Technical data on Potassium Chlorate and Fuel Oil Home-Made Explosive

Does anyone have any technical data on PCFO HME? I am particularly interested in the FOI.

9 answers

  1. Answered by Kenneth Cross

    Idon’t have personal experience with PCFO but I thought it worthwhile to quote from Meyer, Koehler and Homburg ‘Explosives’ 7th edition:
    “Chlorate Explosives.
    Explosive mixtures of alkali metal chlorates with carbon-rich organic compounds such as wood dust, petroleum, oils, fats and nitro derivatives of benzene and toluene; they may also contain nitrate esters.
    Their strength is lower that that of ammonium nitrate explosives in powder form. Chlorate explosives must not be stored together with ammonium nitrate explosives, since ammonium chlorate, which is formed when these tow substances are brought into contact, decomposes and explodes.”

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  2. Answered by Richard Warren

    Dear Gareth,
    Dstl has some FOI data for a number of blends of PCFO, but unfortunately that data is deemed classified and so not releasable on open websites. perhaps links back through your current/previous organisations may enable a link to that information. I am no longer in Dstl and so I no longer have access to that data myself.

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  3. Answered by Mark Dempsey

    Hello,
    Being a Firework guy I do not really get into the field of improvised explosives, however if you have or are able to get a copy of ” The Chemistry of Powder and Explosives,”
    byT.L.Davis you will find on pages 360 to 363, information regarding explosive compounds called, Explosifs P and S (Potassium and Sodium respectively) and the Minelites, A, B and C which all contain fuel oils in varying amounts.
    There is also a comprehensive table giving information on Velocity of Detonation results.

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  4. Answered by Alan morley

    Sorry, I cannot help.

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  5. Answered by Norman Yen

    Potassium chlorate is one of the common oxidising compound for HME. (Other common oxidiers are sodium perchlorate or potassium nitrate). The fuel can be a common substance such as sugar, sawdust or fuel oil. Given the wide range of potential fuels and mixtures which make it more difficult to detect explosives, scientists have turned to the inorganic components instead.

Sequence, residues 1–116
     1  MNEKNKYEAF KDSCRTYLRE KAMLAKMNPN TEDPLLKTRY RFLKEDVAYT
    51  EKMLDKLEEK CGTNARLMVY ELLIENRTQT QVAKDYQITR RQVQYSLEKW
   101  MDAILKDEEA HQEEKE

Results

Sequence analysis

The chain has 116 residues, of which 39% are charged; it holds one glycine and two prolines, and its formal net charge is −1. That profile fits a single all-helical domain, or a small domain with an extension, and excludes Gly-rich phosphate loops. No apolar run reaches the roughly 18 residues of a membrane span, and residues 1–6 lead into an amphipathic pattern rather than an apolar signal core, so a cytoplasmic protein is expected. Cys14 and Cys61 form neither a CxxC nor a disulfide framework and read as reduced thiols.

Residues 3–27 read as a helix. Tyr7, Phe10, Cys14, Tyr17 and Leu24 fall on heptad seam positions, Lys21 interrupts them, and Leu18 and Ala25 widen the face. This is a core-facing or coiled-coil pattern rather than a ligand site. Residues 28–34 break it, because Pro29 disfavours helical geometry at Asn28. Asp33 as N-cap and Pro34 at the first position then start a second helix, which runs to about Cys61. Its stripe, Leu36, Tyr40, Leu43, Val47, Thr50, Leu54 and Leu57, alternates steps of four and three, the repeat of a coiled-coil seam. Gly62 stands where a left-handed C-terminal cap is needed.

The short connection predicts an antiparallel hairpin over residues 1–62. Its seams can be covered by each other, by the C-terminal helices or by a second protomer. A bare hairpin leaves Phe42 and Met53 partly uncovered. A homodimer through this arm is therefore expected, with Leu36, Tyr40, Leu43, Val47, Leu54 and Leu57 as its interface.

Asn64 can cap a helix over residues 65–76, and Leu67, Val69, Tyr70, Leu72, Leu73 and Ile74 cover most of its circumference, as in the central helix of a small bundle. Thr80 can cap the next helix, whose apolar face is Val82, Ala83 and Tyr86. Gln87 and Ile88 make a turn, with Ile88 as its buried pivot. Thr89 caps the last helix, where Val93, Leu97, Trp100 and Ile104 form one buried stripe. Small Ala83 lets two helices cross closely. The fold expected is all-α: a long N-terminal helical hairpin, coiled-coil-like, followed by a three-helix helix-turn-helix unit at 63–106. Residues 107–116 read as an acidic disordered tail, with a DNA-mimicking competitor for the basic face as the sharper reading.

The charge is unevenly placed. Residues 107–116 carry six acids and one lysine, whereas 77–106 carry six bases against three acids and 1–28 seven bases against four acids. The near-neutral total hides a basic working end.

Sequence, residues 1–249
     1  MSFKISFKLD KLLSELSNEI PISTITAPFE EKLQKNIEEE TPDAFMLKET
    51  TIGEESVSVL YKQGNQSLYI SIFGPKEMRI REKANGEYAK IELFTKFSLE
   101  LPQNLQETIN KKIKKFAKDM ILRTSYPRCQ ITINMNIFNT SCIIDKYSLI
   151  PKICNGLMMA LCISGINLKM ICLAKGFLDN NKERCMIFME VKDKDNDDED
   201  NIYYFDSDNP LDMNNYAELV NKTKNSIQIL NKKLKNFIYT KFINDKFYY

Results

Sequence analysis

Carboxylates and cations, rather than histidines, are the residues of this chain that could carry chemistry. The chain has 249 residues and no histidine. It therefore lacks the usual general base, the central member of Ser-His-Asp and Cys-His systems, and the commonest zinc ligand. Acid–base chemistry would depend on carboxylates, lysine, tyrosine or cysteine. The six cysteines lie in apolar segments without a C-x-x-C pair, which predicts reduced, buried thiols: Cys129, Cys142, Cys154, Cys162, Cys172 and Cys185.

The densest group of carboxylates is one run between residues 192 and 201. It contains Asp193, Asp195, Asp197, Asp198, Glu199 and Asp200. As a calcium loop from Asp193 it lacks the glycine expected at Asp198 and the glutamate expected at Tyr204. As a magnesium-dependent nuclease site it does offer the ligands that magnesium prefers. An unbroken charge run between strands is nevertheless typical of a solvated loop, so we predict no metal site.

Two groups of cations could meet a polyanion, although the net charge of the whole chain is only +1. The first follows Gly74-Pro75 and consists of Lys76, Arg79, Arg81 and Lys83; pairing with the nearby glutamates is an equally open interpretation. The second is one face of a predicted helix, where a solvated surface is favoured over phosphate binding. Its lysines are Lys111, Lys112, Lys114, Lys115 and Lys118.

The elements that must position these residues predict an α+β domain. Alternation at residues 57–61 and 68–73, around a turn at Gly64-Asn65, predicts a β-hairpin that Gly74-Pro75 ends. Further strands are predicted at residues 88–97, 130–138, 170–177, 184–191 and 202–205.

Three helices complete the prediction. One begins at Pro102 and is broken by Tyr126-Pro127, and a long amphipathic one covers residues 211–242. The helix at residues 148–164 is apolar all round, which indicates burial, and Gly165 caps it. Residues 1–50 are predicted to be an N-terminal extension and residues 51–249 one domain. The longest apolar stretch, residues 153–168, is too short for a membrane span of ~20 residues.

The very low vapour pressures of many inorganic oxidisers hinder their detection. Understand the scientists at the Pacific Northwest National Laboratory in Richland, WA, they have applied a technique developed in 2013, demonstrated the used of atmospheric flow tube-mass spectrometry (AFT-MS) for detection of the organic explosive RDX with detection levels down to several ppq but have now been able to extend it to the inorganic salts.
    You can find our more about the detection techniques in the following article published by ACS: https://pubs.acs.org/doi/10.1021/acs.analchem.8b01261#

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  6. Answered by Peter SHELLEY

    Hi Gareth, the best public data I have comes from Urbanksi Chemistry and Technology of Explosives Vol 3 pages 275 to 279. I’ll email you the data.

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  7. Answered by Gareth Collett

    Thank you to all who have helped with this. I have just completed a book on HME for the UK MOD and this was an elusive arena. I now have enough information to complete that section and thank you all for your contributions.

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  8. Answered by Rob Wharton

    If of interest, I have an old reference book Chemistry and Technology of Explosives Vol III (1964) which has a small section on mixtures with potassium and sodium chlorates. It mentions snippets such as the Potassium Chlorate factory at St Helens in 1899 and the prohibition in UK of Potassium Chlorate & Sulpher mixtures in 1894. It goes on to discuss the detonation capacity & brisance of various mixtures including kerosine, vaseline and nitrobenzine. Interesting read, if taken in bite size pieces

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  9. Answered by Rob Wharton

    If of interest, I have an old reference book Chemistry and Technology of Explosives Vol III (1964) which has a small section on mixtures with potassium and sodium chlorates. It mentions snippets such as the explosion at the Potassium Chlorate factory at St Helens in 1899 and the prohibition in UK of Potassium Chlorate & Sulpher mixtures in 1894. It goes on to discuss the detonation capacity & brisance of various mixtures including kerosine, vaseline and nitrobenzine. Interesting read, if taken in bite size pieces

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